Ringing in the Jewish New Year at 92YTribeca

92YTribeca’s rabbi-in-residence Dan Ain leads High Holiday services, Friday night dinners and more as part of the venue’s Jewish Life programs. Rendering courtesy of 92Y Tribeca

BY TEQUILA MINSKY  |  What do you get when you have the grandson of a great Ashkenazi traditional cantor mentored by subway-playing Carolina Slim, a South Carolina Piedmont Blues guitarist and singer known for rich harmonies and polyrhythmic, fingerpicking guitar patterns, accompanied by a rabbi-in-residence?

You get Jeremiah Lockwood and Rabbi Dan Ain conducting this season’s High Holiday services at the 92YTribeca, 92Y’s Downtown arts and culture venue at 200 Hudson St.

Ain explains that Lockwood learned the classic musical tunes from his grandfather, Cantor Jacob Konigsberg, who for decades was a guest cantor in Chicago. Lockwood is well-known as the front man for his indie band, The Sway Machinery, whose songs are a blend of Afro-beat, rock and other musical genres. “Jeremiah is trying to capture the deep roots of Ashkenazi Jewish spiritual music,” said Ain. “He is proficient and experimental, and has the unique ability to reach back to move forward.”

Lockwood believes that music is the most essential part of the holidays. “It is life-giving,” he said, noting that he uses traditional liturgical source material and strives for a balance between authenticity, historical form and personal expression. Lockwood, accompanied by an organist, will be singing and playing guitar while leading the prayers.

Lockwood embellishes, adapts and creates melodies, infusing them with incredible energy. “Many of the songs — Avinu Malkeinu, Aleinu, and the Shema — will be completely identifiable,” said Ain. He will lead Kol Nidre, the Aramaic declaration before the evening Yom Kippur service.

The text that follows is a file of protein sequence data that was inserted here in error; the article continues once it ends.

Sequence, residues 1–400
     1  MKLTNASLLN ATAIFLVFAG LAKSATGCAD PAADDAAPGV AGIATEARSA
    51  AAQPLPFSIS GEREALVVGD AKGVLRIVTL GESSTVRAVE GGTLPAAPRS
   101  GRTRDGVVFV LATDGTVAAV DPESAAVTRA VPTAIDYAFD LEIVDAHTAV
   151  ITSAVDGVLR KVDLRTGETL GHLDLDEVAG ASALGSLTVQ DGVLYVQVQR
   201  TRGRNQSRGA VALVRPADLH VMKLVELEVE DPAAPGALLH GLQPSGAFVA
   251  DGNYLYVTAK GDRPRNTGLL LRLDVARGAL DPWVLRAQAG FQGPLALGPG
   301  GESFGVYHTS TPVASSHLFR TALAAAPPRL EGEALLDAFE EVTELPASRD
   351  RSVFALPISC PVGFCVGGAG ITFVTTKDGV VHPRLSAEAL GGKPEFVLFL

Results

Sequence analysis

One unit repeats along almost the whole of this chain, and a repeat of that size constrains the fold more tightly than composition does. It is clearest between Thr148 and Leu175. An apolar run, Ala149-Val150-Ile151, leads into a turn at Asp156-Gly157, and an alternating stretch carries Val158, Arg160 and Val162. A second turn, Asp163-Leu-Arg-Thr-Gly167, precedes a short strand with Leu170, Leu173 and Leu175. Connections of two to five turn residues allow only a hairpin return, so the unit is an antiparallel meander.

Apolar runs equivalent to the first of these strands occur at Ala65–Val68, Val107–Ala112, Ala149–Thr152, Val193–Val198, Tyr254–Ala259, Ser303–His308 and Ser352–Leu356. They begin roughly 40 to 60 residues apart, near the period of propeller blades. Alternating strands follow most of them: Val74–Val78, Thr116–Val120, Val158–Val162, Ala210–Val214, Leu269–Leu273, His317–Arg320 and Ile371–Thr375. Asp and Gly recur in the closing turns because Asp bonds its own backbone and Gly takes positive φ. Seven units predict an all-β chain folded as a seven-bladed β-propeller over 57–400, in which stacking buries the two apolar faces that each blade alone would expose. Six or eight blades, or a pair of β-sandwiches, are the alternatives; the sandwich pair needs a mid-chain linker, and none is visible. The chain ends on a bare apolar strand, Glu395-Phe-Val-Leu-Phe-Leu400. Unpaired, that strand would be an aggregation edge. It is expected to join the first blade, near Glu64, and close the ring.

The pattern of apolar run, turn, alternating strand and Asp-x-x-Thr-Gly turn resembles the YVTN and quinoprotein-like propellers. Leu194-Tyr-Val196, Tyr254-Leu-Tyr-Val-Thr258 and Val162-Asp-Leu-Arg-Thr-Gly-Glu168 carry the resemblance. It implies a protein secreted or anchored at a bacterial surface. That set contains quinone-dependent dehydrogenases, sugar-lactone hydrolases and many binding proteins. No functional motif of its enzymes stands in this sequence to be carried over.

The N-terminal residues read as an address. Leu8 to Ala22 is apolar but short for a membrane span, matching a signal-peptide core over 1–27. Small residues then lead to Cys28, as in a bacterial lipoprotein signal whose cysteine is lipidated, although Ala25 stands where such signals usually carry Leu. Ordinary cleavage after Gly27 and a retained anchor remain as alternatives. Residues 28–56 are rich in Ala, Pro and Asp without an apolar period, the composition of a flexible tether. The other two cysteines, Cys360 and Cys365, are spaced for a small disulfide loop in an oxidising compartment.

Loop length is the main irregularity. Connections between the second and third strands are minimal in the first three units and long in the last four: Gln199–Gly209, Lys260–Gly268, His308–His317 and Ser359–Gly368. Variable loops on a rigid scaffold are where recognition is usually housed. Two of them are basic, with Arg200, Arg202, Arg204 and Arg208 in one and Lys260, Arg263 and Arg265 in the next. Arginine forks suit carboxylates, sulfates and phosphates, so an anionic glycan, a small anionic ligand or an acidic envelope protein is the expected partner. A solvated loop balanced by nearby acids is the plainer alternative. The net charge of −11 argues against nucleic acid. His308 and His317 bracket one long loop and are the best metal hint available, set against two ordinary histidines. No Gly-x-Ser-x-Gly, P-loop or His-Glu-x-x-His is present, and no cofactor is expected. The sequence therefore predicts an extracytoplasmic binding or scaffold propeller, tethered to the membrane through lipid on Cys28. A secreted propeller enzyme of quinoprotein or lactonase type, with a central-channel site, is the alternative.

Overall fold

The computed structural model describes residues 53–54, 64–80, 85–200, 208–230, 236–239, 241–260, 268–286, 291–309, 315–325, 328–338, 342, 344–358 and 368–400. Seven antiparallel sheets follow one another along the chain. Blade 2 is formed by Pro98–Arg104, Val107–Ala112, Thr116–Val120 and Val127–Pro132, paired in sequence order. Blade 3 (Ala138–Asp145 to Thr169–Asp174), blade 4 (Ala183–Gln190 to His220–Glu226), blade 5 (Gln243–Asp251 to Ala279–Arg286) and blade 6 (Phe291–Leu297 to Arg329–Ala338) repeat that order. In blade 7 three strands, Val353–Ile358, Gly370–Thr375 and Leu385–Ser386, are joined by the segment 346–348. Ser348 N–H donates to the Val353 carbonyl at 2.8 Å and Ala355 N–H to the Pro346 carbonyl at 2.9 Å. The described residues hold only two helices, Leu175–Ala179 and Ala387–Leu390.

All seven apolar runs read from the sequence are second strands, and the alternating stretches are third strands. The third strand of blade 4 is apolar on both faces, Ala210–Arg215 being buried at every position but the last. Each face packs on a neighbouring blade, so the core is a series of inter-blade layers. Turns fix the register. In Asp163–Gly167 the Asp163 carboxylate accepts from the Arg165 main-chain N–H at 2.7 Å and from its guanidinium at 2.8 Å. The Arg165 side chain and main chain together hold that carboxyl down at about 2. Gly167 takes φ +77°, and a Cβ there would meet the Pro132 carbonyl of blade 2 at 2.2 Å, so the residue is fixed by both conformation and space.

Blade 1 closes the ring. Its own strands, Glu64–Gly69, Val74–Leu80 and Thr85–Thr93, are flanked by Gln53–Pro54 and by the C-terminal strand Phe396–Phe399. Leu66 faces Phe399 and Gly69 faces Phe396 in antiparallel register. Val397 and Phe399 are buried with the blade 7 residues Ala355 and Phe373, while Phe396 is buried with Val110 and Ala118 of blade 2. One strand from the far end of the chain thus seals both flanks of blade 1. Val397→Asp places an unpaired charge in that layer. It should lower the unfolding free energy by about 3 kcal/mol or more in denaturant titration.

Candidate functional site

As the two musicians team together to bring in the Hebrew year 5773, they meld the old with the new and the relevant with the esoteric. This includes putting together a 40-page prayer book for Rosh Hashanah — an assortment of High Holiday hits drawing from all the Jewish denominations.

“I’m an equal opportunity appropriator,” Ain said of his service, which will include Hebrew with translation and transliteration. His aim is to make Jewish life accessible by removing from it linguistic and other such barriers.

Ain looks for Jewish interpretations that speak to Downtown residents, especially those in their 20s and 30s who are trying to find their way. He suggested that, in spite of technology, young people can have challenges connecting, and that 140 characters — the maximum amount allowed in a Tweet — is an incomplete form of communication. “I try to create a space for young people to engage in face-to-face, real conversation,” he said.

This is the rabbi’s third High Holiday service as part of the “Jewish Life” component at the 92YTribeca, which opened in 2008.

Film, comedy and classes on literature, wine and architecture (among other topics) are other areas of emphasis, Ain noted. “With people unemployed, underemployed, and disillusioned, some are struggling to make sense of where they find themselves,” he said. “Our tradition has been grappling with these issues for centuries.”

Along with events for major holidays, the Rabbi hosts monthly Friday night Shabbat dinners with guest attendees and lively discussions. Previous guests included comedian Gilbert Gottfried and hip-hop D.J. Peter Rosenberg.

On Fri., Sept. 28, 92TribecaY will host an election-themed night with Ari Berman of The Nation and Noah Pollak of Commentary. On Fri., Nov. 16, Father Jim Martin, known as the “official chaplain of The Colbert Report,” will partake in an event where all are welcome to share their favorite rabbi-priest jokes.

Rosh Hashanah services will be held on Sun., Sept. 16. The tradition of eating apples and honey cake will precede the Rosh Hashanah evening services, which begin at 7 p.m. on Sept. 16. In Conservative and Orthodox traditions, a second day — September 17 — is observed. Yom Kippur takes place the evenings of Tues., Sept. 25 and Wed., Sept. 26. At 92YTribeca, Kol Nidre services begin at 7 p.m. on Sept. 25. Yom Kippur services begin the day after at 10:30 a.m. Concluding services featuring a dialogue with the rabbi  start at 5:30 p.m. and are followed by a break-the-fast meal.

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